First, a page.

Waiting for the nurse to come with the pain shot is rapidly becoming a thing of the past.
Doctors say a three-year study of a device that lets hospital patients administer small amounts of painkiller to themselves as they need it shows the machine is ready for general use.
"Anyone who has undergone surgery knows how terrible it can be to be in excruciating pain and have to wait for a nurse to come with an injection," says Dr. Paul White, a Stanford University anesthesiologist involved in the study.
With the patient-controlled analgesia (PCA) device, a patient can send painkiller into his intravenous tube by pushing a button similar to a nurse call button. A computer limits the frequency and dosage to prevent overdose. Typically, a patient can receive painkiller every 15 minutes, compared with a shot every four hours from a nurse.
"We've found that most patients use less medication with PCA," White says. "And, because the patient is taking responsibility for their own care, there's a real psychological benefit."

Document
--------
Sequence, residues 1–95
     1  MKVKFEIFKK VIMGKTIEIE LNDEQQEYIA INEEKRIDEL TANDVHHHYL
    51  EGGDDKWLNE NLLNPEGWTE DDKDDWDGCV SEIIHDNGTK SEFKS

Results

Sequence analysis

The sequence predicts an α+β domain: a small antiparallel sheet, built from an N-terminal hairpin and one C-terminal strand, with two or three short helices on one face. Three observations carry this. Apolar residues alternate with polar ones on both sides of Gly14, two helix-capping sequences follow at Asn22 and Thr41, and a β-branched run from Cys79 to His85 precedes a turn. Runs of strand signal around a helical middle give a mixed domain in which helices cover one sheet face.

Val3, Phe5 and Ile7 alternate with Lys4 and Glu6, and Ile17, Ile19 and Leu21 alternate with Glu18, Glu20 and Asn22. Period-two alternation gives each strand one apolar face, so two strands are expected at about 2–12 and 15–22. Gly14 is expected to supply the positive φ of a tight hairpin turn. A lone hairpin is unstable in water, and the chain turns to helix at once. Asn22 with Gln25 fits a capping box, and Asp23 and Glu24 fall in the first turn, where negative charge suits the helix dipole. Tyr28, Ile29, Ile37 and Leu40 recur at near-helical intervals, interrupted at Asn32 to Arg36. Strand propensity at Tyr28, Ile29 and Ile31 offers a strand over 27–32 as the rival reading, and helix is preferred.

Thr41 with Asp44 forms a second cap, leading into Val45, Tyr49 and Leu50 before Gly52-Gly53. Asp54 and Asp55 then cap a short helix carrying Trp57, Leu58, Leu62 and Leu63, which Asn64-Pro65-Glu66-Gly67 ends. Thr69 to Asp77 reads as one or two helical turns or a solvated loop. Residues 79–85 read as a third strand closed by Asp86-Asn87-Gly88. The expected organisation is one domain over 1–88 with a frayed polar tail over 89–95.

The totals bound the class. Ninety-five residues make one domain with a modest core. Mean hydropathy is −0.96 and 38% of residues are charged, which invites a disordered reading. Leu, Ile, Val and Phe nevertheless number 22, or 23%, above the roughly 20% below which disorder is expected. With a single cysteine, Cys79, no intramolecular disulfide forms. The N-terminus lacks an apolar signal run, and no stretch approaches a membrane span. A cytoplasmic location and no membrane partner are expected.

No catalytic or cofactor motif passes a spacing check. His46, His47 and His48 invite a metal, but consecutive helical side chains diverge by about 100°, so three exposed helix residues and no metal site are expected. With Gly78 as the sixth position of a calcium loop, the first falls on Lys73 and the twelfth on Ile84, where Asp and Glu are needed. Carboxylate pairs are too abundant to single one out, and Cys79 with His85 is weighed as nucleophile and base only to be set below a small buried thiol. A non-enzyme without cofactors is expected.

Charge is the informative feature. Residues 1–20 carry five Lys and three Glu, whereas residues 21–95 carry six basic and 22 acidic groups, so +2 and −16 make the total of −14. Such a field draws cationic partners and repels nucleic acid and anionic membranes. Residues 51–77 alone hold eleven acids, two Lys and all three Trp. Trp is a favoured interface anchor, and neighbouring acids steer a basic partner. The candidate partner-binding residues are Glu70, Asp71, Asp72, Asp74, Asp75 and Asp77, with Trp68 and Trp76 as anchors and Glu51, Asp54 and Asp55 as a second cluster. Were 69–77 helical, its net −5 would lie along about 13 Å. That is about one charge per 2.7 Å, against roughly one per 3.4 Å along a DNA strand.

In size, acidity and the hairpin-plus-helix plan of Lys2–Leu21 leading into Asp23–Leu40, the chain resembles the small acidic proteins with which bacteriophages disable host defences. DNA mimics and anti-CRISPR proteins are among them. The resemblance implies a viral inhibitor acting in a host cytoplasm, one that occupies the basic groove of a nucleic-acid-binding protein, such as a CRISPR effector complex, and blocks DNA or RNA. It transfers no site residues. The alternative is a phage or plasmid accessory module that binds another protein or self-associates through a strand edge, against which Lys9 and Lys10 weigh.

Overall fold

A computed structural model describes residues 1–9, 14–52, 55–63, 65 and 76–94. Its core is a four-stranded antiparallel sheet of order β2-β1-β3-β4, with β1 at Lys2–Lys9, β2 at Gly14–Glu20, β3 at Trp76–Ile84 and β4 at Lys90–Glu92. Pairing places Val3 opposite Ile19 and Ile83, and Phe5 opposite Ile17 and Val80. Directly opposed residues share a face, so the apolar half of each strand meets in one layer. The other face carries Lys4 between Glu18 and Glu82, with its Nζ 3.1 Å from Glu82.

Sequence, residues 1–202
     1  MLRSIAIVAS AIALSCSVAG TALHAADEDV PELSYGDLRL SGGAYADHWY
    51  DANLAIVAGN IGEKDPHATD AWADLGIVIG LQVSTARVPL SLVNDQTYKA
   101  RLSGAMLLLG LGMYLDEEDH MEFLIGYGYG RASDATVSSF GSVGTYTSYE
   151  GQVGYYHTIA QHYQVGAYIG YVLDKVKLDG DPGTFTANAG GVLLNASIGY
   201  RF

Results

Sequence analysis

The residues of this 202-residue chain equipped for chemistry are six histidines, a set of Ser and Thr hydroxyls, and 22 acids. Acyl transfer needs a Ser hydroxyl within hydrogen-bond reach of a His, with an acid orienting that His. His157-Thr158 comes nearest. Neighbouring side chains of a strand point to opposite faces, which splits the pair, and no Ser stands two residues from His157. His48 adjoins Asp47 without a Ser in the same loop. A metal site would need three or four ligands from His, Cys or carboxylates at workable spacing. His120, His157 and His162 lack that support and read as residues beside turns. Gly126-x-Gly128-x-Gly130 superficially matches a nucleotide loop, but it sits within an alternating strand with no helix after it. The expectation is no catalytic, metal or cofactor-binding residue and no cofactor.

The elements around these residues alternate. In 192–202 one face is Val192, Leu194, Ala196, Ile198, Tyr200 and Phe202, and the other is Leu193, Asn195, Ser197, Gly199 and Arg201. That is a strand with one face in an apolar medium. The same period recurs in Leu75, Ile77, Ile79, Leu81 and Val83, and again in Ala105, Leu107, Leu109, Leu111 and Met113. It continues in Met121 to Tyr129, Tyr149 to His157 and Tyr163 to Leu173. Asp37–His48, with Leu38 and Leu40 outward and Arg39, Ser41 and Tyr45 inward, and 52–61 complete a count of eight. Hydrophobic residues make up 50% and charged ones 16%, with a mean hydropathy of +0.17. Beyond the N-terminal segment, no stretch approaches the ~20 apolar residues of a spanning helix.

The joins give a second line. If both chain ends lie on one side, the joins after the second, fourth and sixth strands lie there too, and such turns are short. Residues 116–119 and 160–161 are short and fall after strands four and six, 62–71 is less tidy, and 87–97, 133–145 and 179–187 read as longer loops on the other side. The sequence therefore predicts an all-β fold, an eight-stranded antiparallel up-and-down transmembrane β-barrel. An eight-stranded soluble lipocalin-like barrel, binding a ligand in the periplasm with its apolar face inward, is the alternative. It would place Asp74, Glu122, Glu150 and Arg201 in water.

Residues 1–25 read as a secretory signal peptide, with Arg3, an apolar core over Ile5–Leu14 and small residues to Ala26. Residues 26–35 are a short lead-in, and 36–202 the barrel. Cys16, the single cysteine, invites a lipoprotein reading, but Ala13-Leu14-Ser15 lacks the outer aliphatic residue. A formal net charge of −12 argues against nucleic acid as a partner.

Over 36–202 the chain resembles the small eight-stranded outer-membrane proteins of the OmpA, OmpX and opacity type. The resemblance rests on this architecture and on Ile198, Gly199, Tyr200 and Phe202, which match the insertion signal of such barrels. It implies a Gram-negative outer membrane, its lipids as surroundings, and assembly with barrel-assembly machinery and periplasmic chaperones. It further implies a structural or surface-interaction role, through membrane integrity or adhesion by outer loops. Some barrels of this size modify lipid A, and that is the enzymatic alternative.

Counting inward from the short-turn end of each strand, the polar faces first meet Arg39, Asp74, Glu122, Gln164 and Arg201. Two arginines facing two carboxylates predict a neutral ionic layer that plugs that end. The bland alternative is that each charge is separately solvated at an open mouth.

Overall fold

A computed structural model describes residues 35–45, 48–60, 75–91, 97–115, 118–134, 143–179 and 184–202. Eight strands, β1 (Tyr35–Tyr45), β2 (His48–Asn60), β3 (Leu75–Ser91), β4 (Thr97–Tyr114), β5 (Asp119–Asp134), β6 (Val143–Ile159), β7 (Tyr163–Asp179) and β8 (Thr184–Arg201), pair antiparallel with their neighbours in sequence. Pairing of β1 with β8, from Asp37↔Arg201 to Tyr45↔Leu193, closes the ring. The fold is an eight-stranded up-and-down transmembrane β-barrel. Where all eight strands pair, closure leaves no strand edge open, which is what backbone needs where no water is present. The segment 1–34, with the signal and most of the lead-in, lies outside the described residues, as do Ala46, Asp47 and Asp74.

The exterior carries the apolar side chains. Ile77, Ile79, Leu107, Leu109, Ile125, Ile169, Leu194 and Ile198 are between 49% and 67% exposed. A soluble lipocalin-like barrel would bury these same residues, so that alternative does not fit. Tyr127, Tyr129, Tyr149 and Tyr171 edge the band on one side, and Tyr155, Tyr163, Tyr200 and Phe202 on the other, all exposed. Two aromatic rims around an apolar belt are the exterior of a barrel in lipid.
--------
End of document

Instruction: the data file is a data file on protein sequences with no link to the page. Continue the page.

PCA machines, which cost between $1,500 and $3,000, became commercially available last year. They can be rented by hospitals for about $80 a month.
In the Stanford study of 250 post-surgical patients, there have been "only two minor problems from patients not clearly understanding how to use the PCA." One didn't understand that she was responsible for administering the medicine. The other had complications because of a history of drug abuse, so his dose was lowered.
There were no overdoses.